Poster
non-peer-reviewed

Developing Paediatric Undergraduate Simulation: A Pilot Study


Author Information

Andrew Tester Corresponding Author

Paediatrics, Royal Hospital for Children Glasgow

Richard Levin

Paediatric Intensive Care, Royal Hospital for Sick Children, Glasgow, UK

Caitlin Stewart

Paediatrics, Queen Elizabeth Hospital Glasgow


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  • Author Information
    Andrew Tester Corresponding Author

    Paediatrics, Royal Hospital for Children Glasgow

    Richard Levin

    Paediatric Intensive Care, Royal Hospital for Sick Children, Glasgow, UK

    Caitlin Stewart

    Paediatrics, Queen Elizabeth Hospital Glasgow

    Poster Information
    Meeting

    IPSSW2017 – 9th International Pediatric Simulation Symposia and Workshops June 01, 2017 - June 03, 2017

    Publication history

    Received by Cureus: May 19, 2017
    Published: June 01, 2017

    License

    This is an open access poster distributed under the terms of the Creative Commons Attribution License, which permits unrestricted use, distribution, and reproduction in any medium, provided the original author and source are credited.

Abstract

Context

Simulated exercises are now used widely for education and evaluation in the medical profession (1). There is increasing evidence to suggest that high quality, high fidelity simulation is an effective and desirable teaching method for students. Simulated scenarios are beneficial to both students and patients, as they protect both realism and enhance patient safety (2). Currently, at The University of Glasgow, the focus has been primarily on adult-based scenarios. The aim of our pilot study was to evaluate the experiences of medical students taught on three standardised paediatric scenarios over two afternoons.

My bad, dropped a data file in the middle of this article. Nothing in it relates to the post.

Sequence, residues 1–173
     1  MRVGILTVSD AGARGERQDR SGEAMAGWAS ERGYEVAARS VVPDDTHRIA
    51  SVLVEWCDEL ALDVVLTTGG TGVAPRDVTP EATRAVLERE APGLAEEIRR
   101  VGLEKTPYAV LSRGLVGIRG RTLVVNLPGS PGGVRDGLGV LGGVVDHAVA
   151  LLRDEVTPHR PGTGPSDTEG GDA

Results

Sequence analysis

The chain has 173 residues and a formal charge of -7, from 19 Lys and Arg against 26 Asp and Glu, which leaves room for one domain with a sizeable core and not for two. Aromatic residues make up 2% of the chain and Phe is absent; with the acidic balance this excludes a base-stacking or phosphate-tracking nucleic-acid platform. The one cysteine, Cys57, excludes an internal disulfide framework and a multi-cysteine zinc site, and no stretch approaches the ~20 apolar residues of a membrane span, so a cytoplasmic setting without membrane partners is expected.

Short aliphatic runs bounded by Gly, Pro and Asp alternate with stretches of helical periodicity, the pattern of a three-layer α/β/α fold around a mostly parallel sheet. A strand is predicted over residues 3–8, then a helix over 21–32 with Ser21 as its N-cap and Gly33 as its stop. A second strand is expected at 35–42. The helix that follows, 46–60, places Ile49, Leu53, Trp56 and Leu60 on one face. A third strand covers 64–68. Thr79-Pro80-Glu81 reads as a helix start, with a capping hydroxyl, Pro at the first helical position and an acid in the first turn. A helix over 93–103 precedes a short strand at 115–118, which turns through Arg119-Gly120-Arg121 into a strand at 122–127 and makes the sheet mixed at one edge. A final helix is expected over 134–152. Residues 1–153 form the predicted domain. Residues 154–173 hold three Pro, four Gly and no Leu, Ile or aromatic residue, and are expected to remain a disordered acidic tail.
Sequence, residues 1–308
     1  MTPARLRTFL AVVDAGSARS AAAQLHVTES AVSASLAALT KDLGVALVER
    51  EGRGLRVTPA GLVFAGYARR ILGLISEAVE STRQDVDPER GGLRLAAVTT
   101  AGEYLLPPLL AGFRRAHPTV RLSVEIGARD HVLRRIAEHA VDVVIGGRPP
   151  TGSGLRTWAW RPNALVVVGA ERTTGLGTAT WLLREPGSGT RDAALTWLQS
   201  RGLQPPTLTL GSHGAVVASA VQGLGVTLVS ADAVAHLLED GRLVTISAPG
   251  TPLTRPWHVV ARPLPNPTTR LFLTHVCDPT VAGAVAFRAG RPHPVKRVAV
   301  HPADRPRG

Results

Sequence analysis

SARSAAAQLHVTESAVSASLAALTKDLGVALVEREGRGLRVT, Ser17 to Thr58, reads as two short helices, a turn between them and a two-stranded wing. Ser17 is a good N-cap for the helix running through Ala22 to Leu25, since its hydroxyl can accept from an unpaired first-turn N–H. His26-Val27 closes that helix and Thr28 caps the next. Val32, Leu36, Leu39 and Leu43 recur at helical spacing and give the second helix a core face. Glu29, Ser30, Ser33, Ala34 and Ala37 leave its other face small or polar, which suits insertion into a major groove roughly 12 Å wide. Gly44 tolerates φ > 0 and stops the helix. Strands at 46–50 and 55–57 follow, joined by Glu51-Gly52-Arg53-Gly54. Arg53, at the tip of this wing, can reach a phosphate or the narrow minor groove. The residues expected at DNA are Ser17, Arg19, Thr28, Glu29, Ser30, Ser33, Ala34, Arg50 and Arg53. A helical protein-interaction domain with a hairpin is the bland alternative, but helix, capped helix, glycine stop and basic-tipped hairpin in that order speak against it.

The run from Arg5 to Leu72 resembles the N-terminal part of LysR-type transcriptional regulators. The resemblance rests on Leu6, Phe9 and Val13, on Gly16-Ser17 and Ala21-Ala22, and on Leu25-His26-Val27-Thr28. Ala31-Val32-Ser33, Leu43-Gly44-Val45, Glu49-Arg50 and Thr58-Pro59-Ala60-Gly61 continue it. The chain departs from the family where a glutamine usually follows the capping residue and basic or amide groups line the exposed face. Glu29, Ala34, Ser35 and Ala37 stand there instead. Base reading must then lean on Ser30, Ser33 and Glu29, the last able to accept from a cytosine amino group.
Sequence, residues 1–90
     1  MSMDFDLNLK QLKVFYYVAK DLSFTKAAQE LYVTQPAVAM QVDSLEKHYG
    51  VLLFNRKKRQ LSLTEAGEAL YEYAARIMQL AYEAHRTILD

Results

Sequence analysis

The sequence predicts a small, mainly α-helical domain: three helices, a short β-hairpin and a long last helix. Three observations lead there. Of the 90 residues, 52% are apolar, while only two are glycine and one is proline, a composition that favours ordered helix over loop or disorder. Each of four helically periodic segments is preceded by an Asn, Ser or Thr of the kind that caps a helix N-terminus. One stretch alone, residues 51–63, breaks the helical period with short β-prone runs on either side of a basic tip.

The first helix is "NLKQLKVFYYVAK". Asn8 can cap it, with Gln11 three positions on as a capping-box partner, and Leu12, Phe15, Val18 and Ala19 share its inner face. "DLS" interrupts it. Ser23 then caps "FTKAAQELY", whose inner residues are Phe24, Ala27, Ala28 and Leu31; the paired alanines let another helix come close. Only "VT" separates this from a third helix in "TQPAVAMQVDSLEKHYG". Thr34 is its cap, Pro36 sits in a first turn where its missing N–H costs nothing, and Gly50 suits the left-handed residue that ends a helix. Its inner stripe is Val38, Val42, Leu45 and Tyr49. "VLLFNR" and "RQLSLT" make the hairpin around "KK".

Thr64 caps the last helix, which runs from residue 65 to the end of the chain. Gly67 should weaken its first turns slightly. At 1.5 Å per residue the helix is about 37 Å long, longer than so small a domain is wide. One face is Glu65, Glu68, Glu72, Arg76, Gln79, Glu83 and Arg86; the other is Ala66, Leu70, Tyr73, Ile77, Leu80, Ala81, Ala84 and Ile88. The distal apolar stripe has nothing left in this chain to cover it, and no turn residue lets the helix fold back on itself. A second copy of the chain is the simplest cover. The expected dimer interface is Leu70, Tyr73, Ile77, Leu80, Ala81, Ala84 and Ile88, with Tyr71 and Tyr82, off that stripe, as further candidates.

Description              

We generated three new paediatric scenarios, based on common emergencies: anaphylaxis, bronchiolitis and meningococcal sepsis. All students doing their child health block, during October-November 2016, were invited. Students worked individually or in pairs to complete the exercise. After the scenario, the group was debriefed and micro teaching delivered. The ‘Satisfaction with Simulation Experience Scale’ was used to gauge the students’ experiences (3). Each of the 18 items were scored from 1 ‘strongly disagree’ to 5 ‘strongly agree’ as well as an opportunity to provide additional freehand comments.

Observation